Who Will Lead Community Colleges into the Future?

At a time when more focus is on community colleges as a viable and cost-effective option in higher education, leadership at these schools appears to be in crisis. According to a recent report from the Aspen Institute and Achieving the Dream, a large percentage of community college presidents are slated for retirement over the next five years. Even more concerning is the fact that few appear poised to take over the helms of these institutions, leaving some to wonder where the direction of the community college system is headed.
 
The new report, titled, “Crisis and Opportunity: Aligning the Community College Presidency with Student Success,” was released at a National Forum in Washington D.C. in June. The report details the challenges facing community colleges in upcoming years as they work to keep their key leadership positions filled with qualified candidates. The report identifies some of the specific problems that could contribute to a presidential shortage of community college presidents nationwide. It also provides recommendations that community colleges can follow to ensure their leadership does not suffer with the loss of a large number of current presidents in the next few years.
 
Primary Concerns Over the Coming Leadership Shortage
 
According to a recent report at Inside Higher Ed, more than 40 percent of the current community college presidents may retire within the next five years. That equates to the loss of more than 500 college presidents by 2017, leaving gaps in community college leadership that need to be filled by qualified individuals . . . read more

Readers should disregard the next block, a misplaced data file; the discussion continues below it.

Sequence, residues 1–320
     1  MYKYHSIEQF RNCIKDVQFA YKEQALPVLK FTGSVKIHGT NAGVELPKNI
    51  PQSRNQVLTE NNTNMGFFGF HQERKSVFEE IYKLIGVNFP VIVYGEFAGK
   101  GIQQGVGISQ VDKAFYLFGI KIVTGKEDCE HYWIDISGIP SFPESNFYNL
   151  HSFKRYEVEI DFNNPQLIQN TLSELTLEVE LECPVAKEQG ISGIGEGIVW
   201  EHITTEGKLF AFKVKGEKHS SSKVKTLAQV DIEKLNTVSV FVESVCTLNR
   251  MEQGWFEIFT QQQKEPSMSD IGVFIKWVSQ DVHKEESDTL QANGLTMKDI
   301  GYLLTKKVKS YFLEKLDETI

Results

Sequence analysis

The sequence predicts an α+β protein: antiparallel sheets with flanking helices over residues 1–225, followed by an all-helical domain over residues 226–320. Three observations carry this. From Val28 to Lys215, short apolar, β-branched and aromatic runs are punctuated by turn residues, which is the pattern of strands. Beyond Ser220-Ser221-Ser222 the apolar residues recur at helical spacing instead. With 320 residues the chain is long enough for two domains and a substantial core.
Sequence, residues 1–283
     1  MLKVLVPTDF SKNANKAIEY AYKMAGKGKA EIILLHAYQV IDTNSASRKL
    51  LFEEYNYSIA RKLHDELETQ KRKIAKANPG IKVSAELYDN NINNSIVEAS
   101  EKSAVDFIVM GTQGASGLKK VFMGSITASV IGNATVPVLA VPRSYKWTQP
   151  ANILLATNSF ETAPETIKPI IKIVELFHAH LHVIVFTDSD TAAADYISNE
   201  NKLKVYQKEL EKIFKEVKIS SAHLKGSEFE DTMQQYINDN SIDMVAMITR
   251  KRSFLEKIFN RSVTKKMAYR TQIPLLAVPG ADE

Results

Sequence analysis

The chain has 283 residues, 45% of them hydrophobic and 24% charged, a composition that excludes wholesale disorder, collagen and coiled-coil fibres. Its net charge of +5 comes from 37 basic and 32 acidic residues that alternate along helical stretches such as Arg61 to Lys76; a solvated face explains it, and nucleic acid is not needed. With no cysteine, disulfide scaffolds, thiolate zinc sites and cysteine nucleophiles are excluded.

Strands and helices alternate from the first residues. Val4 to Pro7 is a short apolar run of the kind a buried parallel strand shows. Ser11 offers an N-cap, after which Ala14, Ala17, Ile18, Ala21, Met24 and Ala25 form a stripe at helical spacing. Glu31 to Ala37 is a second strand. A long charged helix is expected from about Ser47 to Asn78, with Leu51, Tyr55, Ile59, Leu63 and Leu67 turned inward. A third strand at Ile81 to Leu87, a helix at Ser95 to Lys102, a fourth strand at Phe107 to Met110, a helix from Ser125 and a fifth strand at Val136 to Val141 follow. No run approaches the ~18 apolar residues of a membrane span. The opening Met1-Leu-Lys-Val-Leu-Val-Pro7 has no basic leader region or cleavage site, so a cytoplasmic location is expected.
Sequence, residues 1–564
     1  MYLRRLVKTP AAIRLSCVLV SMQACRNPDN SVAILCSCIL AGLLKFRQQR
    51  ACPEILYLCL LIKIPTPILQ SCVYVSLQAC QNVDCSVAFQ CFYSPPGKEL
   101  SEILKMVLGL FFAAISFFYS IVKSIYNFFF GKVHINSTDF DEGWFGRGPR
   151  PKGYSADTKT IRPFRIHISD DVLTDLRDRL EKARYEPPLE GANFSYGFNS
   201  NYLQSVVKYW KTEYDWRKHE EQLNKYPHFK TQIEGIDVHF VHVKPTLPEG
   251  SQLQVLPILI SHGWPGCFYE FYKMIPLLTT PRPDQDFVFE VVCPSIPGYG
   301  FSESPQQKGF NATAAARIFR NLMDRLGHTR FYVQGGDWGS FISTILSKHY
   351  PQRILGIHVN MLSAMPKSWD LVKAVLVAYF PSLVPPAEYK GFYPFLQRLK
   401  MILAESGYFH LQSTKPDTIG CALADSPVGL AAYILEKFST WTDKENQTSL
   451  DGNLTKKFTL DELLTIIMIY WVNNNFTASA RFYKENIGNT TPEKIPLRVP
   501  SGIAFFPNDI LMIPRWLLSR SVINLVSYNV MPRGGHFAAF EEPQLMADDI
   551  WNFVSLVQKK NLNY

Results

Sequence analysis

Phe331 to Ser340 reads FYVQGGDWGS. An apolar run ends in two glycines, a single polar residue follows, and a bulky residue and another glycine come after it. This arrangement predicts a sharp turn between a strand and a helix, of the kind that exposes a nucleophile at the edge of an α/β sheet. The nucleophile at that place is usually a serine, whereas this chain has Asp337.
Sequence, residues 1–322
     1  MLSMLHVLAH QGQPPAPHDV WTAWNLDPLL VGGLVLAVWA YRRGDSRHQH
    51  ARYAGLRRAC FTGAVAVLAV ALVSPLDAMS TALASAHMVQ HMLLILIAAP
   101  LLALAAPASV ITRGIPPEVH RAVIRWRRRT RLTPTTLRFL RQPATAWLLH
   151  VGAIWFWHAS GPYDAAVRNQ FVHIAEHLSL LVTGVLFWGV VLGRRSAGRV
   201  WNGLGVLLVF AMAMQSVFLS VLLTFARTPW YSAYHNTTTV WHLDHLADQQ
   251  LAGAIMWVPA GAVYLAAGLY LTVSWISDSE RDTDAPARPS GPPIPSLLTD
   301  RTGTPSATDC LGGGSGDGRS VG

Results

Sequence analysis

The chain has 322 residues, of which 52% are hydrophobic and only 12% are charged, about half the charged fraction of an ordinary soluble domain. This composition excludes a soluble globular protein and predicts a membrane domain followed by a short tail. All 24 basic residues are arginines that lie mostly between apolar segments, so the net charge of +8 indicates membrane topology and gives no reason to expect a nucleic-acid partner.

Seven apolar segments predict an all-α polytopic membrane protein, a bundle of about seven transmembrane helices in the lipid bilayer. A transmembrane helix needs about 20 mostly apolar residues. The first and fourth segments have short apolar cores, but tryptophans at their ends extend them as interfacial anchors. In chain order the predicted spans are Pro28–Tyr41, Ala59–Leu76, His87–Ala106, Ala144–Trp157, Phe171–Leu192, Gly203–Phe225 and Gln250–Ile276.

Community college is often the choice for women seeking higher education. These institutions typically provide many features adult female students need, including proximity to their homes and affordable tuition rates. However, one primary barrier consistently interferes with a woman’s ability to complete her community college education, according to a recent report.
 
Primary Barrier for Student Parents: Affordable Child Care
 
The majority of student parents at community colleges today are women who are trying to juggle family, work and school responsibilities as they pursue a higher education. A new report released by the American Association of University Women (AAUW) shows that the largest obstacle facing this student demographic is access to affordable child care. Unfortunately, Raw Story reports that these findings have been released at a time when federal funding for child care is dwindling across the country.

The report, titled, “Women in Community Colleges: Access to Success,” was officially released just before Mother’s Day. The authors of the report, Andresse St. Rose and Catherine Hill, used a variety of sources as they put together their analysis. These sources included a review of community college literature, interviews with college students and leaders, and program materials from select schools. Federal data was also used to compile the report, including facts and figures from the Integrated Postsecondary Education Data System and the Beginning Postsecondary Students Longitudinal Study.